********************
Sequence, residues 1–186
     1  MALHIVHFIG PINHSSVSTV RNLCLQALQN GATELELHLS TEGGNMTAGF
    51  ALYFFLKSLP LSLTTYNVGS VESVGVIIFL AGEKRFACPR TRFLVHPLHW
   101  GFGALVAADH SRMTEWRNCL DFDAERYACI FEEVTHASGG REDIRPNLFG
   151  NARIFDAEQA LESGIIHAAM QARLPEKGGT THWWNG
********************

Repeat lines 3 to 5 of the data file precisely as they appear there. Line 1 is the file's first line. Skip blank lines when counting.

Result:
    51  ALYFFLKSLP LSLTTYNVGS VESVGVIIFL AGEKRFACPR TRFLVHPLHW
   101  GFGALVAADH SRMTEWRNCL DFDAERYACI FEEVTHASGG REDIRPNLFG
   151  NARIFDAEQA LESGIIHAAM QARLPEKGGT THWWNG